Return from the Abyss

Summer slips away, leaving room for Fall. The first order of the day is to talk for a moment about a friend’s book of poems, Selene by Michael Odom. 

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Don’t turn your back on her

I see this book as a reflection of an obsession. A woman. A sorceress. A corpse. An eternal ambivalence, love and hate. The cover uncovers, revealing the darkness within. It is not an easy read. But then, poetry can be unsettling. A way of seeing that slices through the dailiness to a core that may be exquisitely ugly. But it is real, and we cannot turn our guilty gaze away from the disaster. Just the opposite. We hope to understand more about our own lives the longer we stare at the ruins of others’.

The opening poem lets the reader know that men will not get off easily in this book:

“The simple strength of men who never know,

Their muscle-coats, their steel, their robotic wars,

Their Scantron lives lesson-planned in their brains,

The blows they give and take to the head, sports,

Their races to finish lines, walks to start,

Ready-go guns, their disciplined controlled

Resilience, their climbing grasps, like primates,

For leafier nests, prettier mates, shinier cars,

And Power, the lying god, their angry work

Ethics with long old ages dreaming TV

And beaches and golf, their nearby balls-of-dust

Planets they reach for and prayers to a ghost,

Big man boasts…I know a boy much smaller

Who carries in his pocket a collapsed sun.”

For what it’s worth, I can’t help but think that the boy is the poet’s sun. Pun intended.
The reading pendulum will swing completely in the other direction tomorrow with a new title for Perfect Picture Book Friday. And then a rec for a new YA or two next week. Some Middle Grade novels…Stay tuned! Looking forward to catching up with everyone in the blogosphere.

8 thoughts on “Return from the Abyss

  1. Lady Fancifull says:

    It’s lovely to find a post from you in my reader, Jilanne – I have missed them!

    Hmm. I wonder how that poem feels, for the mothers of sons. And for the young sons themselves. I feel less comfortable these days excoriating ‘men’. There are certainly individual men (and women) for whom excoriation is the only appropriate response. BUT I feel leery when whole swathes of the human race are singled out for universal blame.

    Whatever is conferred by biology on men, and on women, will have certain advantages for us, as a species, and also bring certain challenges. And though the weight of historical power has in the main, been held by males, and though power can exacerbate, and make clear, our fault lines, power, and the usage of it, also brings blessings to the community as well as its shadows. And women too can abuse power, and be hungry for it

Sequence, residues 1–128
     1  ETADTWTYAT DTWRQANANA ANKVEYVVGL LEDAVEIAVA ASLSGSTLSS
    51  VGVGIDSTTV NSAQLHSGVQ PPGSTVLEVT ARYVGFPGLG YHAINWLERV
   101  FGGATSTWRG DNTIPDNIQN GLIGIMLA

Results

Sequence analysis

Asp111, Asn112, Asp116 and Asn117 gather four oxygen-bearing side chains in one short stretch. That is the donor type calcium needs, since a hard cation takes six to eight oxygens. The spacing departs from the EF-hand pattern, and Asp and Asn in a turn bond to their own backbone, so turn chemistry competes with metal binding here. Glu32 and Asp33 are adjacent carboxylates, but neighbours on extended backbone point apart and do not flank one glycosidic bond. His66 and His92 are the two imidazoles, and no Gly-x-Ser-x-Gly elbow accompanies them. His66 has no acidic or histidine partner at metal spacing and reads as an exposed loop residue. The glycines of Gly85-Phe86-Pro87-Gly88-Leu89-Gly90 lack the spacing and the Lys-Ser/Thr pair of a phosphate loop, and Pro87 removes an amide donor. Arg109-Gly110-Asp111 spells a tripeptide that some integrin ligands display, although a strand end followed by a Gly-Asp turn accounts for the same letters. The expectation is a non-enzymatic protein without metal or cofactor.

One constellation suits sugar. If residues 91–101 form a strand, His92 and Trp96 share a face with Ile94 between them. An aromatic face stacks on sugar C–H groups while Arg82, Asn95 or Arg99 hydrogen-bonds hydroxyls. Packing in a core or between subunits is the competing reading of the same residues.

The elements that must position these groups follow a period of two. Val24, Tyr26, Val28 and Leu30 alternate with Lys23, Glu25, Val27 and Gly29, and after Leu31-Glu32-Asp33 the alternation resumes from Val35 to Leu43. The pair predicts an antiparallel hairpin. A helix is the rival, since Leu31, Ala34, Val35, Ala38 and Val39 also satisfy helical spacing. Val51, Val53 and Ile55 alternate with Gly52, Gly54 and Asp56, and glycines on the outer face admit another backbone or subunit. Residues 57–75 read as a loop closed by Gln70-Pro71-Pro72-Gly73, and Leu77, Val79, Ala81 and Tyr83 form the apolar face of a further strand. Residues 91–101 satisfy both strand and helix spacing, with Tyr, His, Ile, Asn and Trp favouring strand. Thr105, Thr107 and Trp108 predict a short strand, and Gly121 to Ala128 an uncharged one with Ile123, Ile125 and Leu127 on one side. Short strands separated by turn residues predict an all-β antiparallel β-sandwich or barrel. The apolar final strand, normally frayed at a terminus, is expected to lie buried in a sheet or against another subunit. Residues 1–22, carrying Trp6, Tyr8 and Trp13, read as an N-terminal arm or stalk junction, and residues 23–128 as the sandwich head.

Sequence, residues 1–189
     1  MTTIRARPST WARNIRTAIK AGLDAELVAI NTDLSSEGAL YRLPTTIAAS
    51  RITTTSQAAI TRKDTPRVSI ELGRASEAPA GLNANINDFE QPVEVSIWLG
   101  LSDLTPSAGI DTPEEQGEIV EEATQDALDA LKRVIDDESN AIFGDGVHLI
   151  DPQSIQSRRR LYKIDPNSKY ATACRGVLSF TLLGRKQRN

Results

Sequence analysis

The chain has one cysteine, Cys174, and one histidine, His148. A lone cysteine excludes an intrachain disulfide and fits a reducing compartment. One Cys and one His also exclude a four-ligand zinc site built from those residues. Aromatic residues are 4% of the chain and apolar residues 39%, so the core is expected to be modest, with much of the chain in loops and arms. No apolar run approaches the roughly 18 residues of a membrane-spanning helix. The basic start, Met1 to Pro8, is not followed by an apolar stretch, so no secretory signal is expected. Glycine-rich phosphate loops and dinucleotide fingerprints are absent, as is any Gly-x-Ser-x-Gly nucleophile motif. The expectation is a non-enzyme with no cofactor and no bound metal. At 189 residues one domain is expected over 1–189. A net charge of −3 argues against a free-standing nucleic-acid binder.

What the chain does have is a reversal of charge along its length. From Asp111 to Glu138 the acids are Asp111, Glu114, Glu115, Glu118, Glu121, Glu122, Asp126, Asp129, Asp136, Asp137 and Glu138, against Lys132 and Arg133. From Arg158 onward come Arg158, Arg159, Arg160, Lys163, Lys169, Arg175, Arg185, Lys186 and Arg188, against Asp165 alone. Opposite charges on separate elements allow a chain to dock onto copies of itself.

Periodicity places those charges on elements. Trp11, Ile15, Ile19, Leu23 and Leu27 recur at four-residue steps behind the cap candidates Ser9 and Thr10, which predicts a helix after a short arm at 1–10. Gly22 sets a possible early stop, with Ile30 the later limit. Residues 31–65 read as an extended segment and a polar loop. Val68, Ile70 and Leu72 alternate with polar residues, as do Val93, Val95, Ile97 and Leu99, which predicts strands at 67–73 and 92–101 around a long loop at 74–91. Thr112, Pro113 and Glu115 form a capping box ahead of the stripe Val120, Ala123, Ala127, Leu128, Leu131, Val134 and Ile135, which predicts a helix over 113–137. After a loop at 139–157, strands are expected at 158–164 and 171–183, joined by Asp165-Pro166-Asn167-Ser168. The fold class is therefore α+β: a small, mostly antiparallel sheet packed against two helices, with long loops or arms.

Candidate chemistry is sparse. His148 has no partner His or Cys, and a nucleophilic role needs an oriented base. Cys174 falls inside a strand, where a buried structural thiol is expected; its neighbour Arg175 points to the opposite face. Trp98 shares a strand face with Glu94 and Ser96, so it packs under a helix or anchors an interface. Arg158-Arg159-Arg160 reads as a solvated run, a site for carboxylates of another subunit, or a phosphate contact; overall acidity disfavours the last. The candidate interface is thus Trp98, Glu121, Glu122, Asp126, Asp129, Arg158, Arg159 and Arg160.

You see how I have missed you, bringing posts that made me chew on my reactions, thinkings, feelings

    • Jilanne Hoffmann says:

      And I have missed you! What you say is quite true. I try not to excoriate entire swathes of a single gender in life and in my work. But these poems take a pretty harsh look at both genders. And it just so happens that the first poem focuses on men (or a man).

      As the mother of a son, I’m trying to give him every opportunity to grow in ways that are sensitive to others and their feelings. Right now, he’s a bit of a bull in a china shop, but that’s to be expected at age 12. When he’s 30, it would be nice for him to be able to dance around the china without destroying entire place settings. 😀

  2. FictionFan says:

    I agree with LF – lovely to see you!

    I agree with LF – I get concerned about the about of man-bashing women seem to indulge in.

    I agree with LF – women can be horrible too.

    However, there’s still The Goldfinch…

    • Jilanne Hoffmann says:

      No, it is definitely NOT a children’s book. My focus for the past couple of years is writing and promoting children’s books, but I still write for adults and have many writer friends who write solely for adults. Hope Mitchell likes it!

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